1. They’re too embarrassed to make you another that would work for them, or
  2. They’re assuming that if they make you an offer that works for them, it will probably insult you and just be a waste of time.

But I always want them to coax them into making me some kind of offer whenever I can, and so should you.

And mainly for three reasons:

  1. Something about the deal has garnered their interest on some level. While the deal isn't done, they’re at least interested. While you have nothing to talk about if it’s not a money thing, you don’t want to let a few bucks stand between you and a deal if there’s anything you can do to help get the deal done;
  2. You want them to say out loud to you that they're interested. Which gets them to emotionally commit at least a little bit...which makes it all the easier for you to get them to play ball with you when you're able to come back to them and make an alternate deal.
  3. You really need to know how much the market will pay for the property. Estimating values is a judgment call. I don’t walk on water – I’m going to make mistakes and so will you. Even the best wholesalers occasionally misjudge what the market will give for a certain deal. By getting a firm offer from investor-buyers, you’ll know how much the market will bear, which can give you the ammunition you need to go back to the seller to renegotiate a deal if needed.

(If you’re under the impression that sellers won’t renegotiate the price, don’t be. A great way to do this is by placing the “blame” for the renegotiation squarely on the shoulders of your “funding partners”, which takes the heat off of you. It’s also true!

You simply explain that unfortunately your "funding partners" have decided they can't make the deal work at that price, but they can make it work at "X" price.  But you need SOME kind of offer from a serious buyer to make this work. But you’ll find that quite often you can rescue a troubled deal this way.)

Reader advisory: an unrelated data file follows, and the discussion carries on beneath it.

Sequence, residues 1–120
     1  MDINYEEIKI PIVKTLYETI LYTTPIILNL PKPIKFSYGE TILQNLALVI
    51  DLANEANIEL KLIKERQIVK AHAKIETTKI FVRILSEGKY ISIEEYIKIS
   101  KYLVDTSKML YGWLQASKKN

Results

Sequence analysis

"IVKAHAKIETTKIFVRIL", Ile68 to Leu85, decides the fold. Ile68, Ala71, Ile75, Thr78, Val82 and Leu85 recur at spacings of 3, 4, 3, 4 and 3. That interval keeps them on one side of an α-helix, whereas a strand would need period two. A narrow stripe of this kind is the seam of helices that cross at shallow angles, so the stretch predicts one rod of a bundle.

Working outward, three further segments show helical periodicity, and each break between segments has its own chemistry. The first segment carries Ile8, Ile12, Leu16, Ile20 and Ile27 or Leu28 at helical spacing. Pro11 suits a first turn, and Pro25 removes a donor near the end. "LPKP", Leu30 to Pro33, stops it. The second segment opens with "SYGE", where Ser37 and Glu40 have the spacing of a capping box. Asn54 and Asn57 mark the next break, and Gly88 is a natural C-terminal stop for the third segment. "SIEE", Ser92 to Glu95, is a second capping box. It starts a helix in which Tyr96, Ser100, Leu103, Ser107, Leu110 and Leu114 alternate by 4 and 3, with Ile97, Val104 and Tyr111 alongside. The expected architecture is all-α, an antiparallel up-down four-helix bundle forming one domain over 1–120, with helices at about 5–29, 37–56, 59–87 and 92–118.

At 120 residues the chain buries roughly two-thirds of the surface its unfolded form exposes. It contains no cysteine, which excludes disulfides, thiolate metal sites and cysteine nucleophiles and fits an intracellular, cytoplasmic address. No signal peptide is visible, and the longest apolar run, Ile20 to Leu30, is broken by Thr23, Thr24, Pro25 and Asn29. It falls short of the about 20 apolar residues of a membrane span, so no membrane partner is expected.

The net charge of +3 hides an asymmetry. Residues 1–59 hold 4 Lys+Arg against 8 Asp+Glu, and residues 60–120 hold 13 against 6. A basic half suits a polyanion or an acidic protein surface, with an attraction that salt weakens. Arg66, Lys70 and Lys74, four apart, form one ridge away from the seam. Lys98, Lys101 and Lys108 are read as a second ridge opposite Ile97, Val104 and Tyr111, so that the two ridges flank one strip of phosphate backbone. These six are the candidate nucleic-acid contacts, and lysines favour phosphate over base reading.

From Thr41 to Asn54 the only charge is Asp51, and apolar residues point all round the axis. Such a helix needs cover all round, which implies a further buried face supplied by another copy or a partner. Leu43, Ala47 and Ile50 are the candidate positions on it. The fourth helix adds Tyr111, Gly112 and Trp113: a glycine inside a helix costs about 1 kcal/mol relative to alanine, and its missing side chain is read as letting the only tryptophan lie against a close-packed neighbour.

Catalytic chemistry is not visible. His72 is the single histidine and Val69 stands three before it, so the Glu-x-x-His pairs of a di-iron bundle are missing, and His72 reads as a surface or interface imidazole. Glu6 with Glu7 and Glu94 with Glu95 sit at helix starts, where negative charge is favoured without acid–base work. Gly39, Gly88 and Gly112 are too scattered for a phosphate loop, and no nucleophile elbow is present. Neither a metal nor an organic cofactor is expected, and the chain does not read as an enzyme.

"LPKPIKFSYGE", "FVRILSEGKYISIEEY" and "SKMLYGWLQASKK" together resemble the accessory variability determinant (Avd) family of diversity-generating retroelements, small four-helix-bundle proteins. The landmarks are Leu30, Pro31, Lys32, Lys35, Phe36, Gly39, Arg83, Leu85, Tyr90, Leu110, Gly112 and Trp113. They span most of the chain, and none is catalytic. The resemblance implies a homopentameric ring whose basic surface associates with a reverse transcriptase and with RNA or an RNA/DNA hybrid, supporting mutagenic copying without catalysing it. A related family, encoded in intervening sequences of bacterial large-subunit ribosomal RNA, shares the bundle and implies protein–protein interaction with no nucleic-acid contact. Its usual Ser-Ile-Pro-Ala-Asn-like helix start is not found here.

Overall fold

If you’re the kind of person who feels insulted when people make you a counter-offer on your wholesale deals, get over it.

If your ego is easily bruised by a low-ball offer, suck it up.

I don’t know about you, but I’m willing to line up all day long for the chance to be insulted, especially if the payoff for my hurt feelings is $1300 on a $700 investment, compared to negative $700.

And the Bottom Line is: 

When you're showing a property to your investor-buyers, if you don't get any offers, then probably offered too much on the property. When this happens, always coax some kind of offer out of your buyer.

Do It To It! Immediate Action Steps

Here's a couple of awesomely easy ways you can accomplish this:

  • "Here's what I'm asking. Are you interested in making me an offer?"
  • "If something happens and this thing doesn't sell and I'm able to renegotiate with the seller, what number would work for you?  And don't worry, nothing you can say will offend me."

Based on their counter-offer, renegotiate with the seller if you have to. Find a way to make the deal work!